As the haze of the hectic holiday season fades, the bills that paid for all the fun and frivolity start arriving. And if you’re like many people, you vow to do better with your finances in the new year.
And while there may not be any fun in it, creating and sticking to a budget can help you avoid overspending— not just during the holidays, but throughout the year. In fact, if you’re not careful you just may set yourself up for financial success in 2018.
“Financial capability is more than just knowing what you’re supposed to do. It’s knowing how to do it as well,” said Liz Foster, an Accredited Financial Counselor based in Colorado Springs, Colorado.
According to Foster, understanding the how of money matters begins with knowing where you are spending your hard-earned dollars.
“Most people haven’t gone through the process of writing down where every dollar is spent within a given time period,” said Foster.
Doing so can be a real eye-opener and Foster advises all her clients to track their spending as a first step towards true financial capability.
“Take the time to really identify those areas where you’re spending. For 30 straight days, keep all your receipts or faithfully jot down the amount and the reason for the purchase every time you spend any money,” she said.
There’s an App for That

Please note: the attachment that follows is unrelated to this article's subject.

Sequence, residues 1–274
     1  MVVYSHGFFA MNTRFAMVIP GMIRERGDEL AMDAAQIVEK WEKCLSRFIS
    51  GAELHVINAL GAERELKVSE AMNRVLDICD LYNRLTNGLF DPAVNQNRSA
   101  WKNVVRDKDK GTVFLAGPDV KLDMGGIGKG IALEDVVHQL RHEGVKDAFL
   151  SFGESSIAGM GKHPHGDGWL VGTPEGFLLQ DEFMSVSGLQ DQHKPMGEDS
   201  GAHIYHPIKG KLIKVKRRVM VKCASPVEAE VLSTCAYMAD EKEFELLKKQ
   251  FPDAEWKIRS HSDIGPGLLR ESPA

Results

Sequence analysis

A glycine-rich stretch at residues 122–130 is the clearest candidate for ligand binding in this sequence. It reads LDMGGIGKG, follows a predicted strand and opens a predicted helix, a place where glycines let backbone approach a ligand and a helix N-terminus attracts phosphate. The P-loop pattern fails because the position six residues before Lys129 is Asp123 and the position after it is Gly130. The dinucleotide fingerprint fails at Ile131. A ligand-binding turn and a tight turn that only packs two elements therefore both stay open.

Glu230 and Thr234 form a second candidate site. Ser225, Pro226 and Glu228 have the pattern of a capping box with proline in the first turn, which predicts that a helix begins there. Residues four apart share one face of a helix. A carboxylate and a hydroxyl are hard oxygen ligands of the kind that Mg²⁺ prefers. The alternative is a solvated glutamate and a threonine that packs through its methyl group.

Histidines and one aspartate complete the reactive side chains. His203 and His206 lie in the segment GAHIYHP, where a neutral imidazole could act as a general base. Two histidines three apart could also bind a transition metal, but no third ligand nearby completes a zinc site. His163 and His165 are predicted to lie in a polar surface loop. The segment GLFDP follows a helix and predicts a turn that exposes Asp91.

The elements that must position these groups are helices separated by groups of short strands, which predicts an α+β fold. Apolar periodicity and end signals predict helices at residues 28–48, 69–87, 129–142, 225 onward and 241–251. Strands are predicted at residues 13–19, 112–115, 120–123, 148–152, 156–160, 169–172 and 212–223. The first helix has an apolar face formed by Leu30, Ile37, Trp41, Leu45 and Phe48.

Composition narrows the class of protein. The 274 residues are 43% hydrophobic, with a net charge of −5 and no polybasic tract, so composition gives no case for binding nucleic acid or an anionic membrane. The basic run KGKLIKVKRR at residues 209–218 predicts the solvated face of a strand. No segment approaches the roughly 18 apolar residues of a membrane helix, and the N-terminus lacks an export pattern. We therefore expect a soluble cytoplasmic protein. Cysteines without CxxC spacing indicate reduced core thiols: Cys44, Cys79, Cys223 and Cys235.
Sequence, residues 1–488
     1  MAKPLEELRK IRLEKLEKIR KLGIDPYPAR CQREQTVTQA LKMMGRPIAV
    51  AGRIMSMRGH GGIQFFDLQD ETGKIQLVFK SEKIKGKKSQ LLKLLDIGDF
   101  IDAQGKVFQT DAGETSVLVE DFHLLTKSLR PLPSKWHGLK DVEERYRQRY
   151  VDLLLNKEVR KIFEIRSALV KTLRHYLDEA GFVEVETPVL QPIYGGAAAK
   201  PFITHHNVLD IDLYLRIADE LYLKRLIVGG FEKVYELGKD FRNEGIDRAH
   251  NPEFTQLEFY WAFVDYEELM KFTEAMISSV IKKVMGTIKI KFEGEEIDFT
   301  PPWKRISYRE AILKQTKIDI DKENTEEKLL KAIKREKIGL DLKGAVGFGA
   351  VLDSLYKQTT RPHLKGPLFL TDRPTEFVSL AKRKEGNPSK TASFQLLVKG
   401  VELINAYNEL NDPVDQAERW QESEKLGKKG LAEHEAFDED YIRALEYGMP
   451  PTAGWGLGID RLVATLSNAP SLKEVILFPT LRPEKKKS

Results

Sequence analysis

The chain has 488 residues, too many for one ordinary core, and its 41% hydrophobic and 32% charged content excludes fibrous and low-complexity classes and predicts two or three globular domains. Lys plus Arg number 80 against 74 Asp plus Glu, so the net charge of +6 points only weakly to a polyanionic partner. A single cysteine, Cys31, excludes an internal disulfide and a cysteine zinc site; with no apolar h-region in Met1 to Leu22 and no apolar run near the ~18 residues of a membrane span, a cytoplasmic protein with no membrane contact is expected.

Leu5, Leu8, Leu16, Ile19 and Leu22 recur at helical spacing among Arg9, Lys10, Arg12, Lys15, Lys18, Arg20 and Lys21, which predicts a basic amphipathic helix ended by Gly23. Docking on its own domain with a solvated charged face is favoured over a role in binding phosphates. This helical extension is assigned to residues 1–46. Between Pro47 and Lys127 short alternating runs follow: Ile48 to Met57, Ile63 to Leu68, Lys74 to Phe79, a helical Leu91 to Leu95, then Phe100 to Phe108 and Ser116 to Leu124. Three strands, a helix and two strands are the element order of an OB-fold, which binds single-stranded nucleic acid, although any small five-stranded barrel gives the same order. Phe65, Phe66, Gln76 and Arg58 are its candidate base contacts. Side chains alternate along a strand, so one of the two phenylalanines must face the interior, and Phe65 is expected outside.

If the thought of accounting for every single cent just doesn’t excite you, Foster suggests you make easy work of it and simply automate the deed.
“You know what they say: ‘there’s an app for that.’ Try easy to use tools like Every Dollar and Mint. Most online banks also have easy to use online budgeting tools today,” said Foster.
Other money tracking tools include ClarityMoney, YNAB, and HelloWallet. Find that one that feels right to you and start tracking.
Put Your Paycheck to Work
“Look at those numbers at the end of the 30-day period and try to get a good sense for where you are overspending,” said Foster adding that this is way to gain control over your finances.
Foster also suggests you put aside denial and simply work with what you find.
“Give those areas where you are spending a name and adjust your numbers going forward. Make every dollar you earn have a job do to and zero out your income in the process,” said Foster.
“Give ‘savings’ a job, too. Make a portion of your paycheck work towards it,” she said.
“You can achieve financial capability by gaining control of your finances, regardless of whether you get paid once a month, bi-monthly or even sporadically,” said Foster.
Pay Your Bills First
Foster strongly suggests that whenever you get paid, you take care of business first.
“Pay your bills first. Anything you have left over after that is called discretionary and you can spend that however you’d like,” said Foster.
Foster suggests you frame the amount of discretionary funds available to you after paying your bills into an “available per day or week amount” until your next paycheck arrives.
To do that, simply divide the amount of money left over by the number of days (or weeks) left until your next paycheck.
“Getting a good grip on your finances can admittedly take some trial and error, but don’t get discouraged and don’t give up,” she said.
Financial Resources Available to You
“Online, there are a number of great resources you can access to help you, free of charge such as Military OneSource and SaveandInvest.org,” said Foster.
“You can also visit with certified financial planners on your closest installation at the military family support centers, too,” said Foster.
Military and military service branch relief societies also offer you financial assistance in emergency situations.Read comments